3

I recently answered a question on ELL. It included a sentence similar to this:

If it's neither A nor B, I assume that it's C?

I answered the question, and noted that I think that a clause beginning "I assume..." should not end with a question mark. The OP disagreed with me, and said that it was to indicate that he would use intonation to make the clause a question- to get confirmation that his assumption was correct.

My opinion is that this particular clause can't be made into a sensible question using intonation. Is this opinion reasonable?

If so, I have some theories about why this might be.

  1. You can't use intonation to make a subordinate clause of an if into a question

  2. You can only use intonation to make follow-on questions, and this sentence doesn't seem to be a follow-on question.

  3. You can only use intonation to change the main clause into a question. This ​clause contains two sub-clauses: "I assume" and "that it's C". While it's reasonable to question the that-subclause, it's not reasonable to question the "I assume" subclause. It's a fact that you are assuming something: the only doubt is over whether the assumption is correct.

It seems to me that, when you use intonation for a question, it affects the main clause only, so using intonation with this sentence asks a pointless question. The only way to ask the correct question (is my assumption correct) is by adding an auxiliary verb:

Should I assume that it's C?


This question was closed as a duplicate of this one. The accepted answer to that question provides a series of sentences, many of which are declarative questions, however the first is an example of colloquial ellipsis (the subject and verb are omitted, so you can't tell whether subject and verb would have been inverted), and the remainder are follow-on questions.

I suggested above that maybe declarative questions are valid for follow-on questions. For my sentence, that would work like this:

Person A: If it's neither A nor B, what should you do?
Person B: If it's neither A nor B, I assume that it's C?

This is from section 32 of the Oxford Guide to English Grammar (John Eastwood, 1994):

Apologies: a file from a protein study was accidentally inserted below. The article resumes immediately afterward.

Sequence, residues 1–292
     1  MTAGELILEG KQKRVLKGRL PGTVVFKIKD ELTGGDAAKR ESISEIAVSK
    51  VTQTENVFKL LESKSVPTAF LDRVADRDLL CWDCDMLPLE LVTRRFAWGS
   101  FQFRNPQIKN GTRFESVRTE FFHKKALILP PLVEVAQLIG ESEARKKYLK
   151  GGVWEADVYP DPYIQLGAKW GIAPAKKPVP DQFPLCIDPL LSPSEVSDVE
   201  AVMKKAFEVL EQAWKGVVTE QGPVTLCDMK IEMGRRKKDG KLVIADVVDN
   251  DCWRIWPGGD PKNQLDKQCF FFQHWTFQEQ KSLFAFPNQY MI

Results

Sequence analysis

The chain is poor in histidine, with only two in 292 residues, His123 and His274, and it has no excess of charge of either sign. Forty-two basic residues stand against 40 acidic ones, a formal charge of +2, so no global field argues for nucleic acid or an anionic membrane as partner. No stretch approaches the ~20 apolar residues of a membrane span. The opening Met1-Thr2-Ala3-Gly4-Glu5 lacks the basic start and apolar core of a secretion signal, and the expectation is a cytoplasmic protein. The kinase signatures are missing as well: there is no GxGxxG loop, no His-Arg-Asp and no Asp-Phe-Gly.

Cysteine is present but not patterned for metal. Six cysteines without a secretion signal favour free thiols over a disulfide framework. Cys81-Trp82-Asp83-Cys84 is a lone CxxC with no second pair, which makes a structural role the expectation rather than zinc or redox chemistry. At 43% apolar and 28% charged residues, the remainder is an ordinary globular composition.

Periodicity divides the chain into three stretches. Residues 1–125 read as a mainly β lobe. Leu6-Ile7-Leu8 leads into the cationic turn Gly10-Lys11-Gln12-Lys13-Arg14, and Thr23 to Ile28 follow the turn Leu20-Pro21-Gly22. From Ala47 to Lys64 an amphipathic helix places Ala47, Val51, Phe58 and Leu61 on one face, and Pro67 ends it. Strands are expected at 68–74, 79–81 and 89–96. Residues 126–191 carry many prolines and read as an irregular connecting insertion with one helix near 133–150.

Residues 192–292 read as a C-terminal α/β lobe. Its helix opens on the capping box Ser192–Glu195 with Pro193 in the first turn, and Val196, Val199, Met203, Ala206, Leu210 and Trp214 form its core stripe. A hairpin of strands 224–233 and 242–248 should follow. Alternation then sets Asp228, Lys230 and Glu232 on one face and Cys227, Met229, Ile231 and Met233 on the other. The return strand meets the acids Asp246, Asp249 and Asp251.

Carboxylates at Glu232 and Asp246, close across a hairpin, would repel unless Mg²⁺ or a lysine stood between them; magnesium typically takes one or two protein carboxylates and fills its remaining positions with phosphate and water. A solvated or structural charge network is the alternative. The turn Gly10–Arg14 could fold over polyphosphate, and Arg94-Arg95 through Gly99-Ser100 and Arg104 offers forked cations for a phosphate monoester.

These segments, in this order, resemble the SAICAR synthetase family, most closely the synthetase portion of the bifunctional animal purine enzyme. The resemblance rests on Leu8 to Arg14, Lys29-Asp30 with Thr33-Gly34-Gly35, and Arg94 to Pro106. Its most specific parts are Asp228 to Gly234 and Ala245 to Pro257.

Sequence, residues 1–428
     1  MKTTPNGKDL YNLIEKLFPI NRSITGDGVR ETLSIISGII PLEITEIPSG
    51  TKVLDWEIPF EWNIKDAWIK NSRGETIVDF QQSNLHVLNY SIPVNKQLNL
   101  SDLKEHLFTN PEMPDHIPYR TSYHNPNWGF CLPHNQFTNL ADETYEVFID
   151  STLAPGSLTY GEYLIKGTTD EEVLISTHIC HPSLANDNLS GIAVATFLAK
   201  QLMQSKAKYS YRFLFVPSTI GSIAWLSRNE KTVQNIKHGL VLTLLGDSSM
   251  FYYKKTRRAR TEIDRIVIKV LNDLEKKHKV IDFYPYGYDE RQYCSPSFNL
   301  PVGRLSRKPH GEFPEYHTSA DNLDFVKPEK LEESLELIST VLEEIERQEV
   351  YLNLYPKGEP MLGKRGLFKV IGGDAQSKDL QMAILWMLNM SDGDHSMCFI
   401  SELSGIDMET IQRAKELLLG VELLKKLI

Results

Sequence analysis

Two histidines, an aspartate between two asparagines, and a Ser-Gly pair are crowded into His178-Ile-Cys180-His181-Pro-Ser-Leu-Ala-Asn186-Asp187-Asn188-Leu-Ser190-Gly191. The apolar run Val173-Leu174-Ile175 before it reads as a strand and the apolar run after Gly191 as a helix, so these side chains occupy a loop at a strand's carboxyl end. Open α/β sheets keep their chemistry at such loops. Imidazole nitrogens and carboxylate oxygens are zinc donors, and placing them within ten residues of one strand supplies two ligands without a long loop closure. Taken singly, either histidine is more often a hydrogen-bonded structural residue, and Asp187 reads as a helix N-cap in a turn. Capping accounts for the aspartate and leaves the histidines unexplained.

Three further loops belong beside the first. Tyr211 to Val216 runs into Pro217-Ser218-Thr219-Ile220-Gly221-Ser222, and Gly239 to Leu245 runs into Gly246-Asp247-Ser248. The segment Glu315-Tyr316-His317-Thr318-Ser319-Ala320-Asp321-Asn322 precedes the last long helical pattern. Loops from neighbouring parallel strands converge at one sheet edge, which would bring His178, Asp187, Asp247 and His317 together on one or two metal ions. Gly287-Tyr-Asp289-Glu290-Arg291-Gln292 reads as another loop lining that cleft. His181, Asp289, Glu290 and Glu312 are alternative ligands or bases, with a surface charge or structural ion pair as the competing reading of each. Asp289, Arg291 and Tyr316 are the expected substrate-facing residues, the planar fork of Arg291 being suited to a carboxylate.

In informal conversation a question can sometimes have the same word order as in a statement. The question has a rising intonation.
The machine gives change? ~ No, it doesn't.
You're travelling tomorrow?~ Yes.
The car is blue?~ That's right.
The car is what colour? ~ Blue.
They went which way?~ That way.
We use this kind of question only when it follows on from what was said before.
I need a return ticket to Paddington. ~ You're travelling when? ~ Tomorrow.

Are there any other circumstances where declarative questions are permissible?

2
  • 1
    Declarative questions have been covered here before, and are fine, certainly in informal contexts. "It's C?" is fine; the hedged "I assume that it's C?" sounds fine in speech (and thus is syntactically fine in written-down speech). But "If it's neither A nor B ... I assume that it's C?" seems preferable to me to the original, showing a pause for reflection, an accurately recorded train of thought. There is a stretching of grammar that a dash or ellipsis bandages over. Sep 18, 2021 at 16:20
  • By asking this it seems you know the answer is affirmative… but it’s heartening to get a second opinion, so +1! Sep 21, 2021 at 1:32

1 Answer 1

1

Yes, clauses that start with "I assume" can be turned into questions by inflection.

Usage questions need to be answered by reference to usage, so here are a couple of instances in print:

Each instance is followed by a reply to the question.

The intent of the construct is, as your correspondent noted, to seek confirmation that the stated assumption is correct. There is an expectation of an affirmative answer. A negative answer would typically be surprising to the asker.

9
  • 1
    I know it's not your fault because the confusion arises in the wording of the original question, but this is all quite confusingly using the word inflection to mean the pitch intonation of a spoken phrase rather than to mean the various forms of a word resulting from applying its relevant inflectional morphology like child / children / child’s / children’s for nouns or be / being / is / am / are / was / were for verbs. :(
    – tchrist
    Sep 19, 2021 at 16:44
  • 1
    @tchrist Thanks. I thought he meant 'rising tone' because of the association with questions. But if the OP was looking at morphology, I don't see those inflections in the question - it's consistently "I assume".
    – Lawrence
    Sep 19, 2021 at 16:56
  • 2
    Yes, he's talking about the rising tone. I put links to the two different subjects as a comment for the OP.
    – tchrist
    Sep 19, 2021 at 17:02
  • 1
    FWIW, an "I assume" question ending with a rising tone is always a subset of what lawyers called "leading questions" because it will always suggest the answer in the body of the question.
    – ohwilleke
    Sep 19, 2021 at 21:28
  • 1
    My question was about making a declarative question from a subordinate clause: both of your examples are complete sentences. Your second example has demonstrated, though, that a declarative question doesn't always need to be in informal conversation, or in a follow-on question. I would say that this is more a rhetorical question than one seeking confirmation, though confirmation was given.
    – JavaLatte
    Sep 21, 2021 at 1:37

Your Answer

By clicking “Post Your Answer”, you agree to our terms of service and acknowledge that you have read and understand our privacy policy and code of conduct.

Not the answer you're looking for? Browse other questions tagged or ask your own question.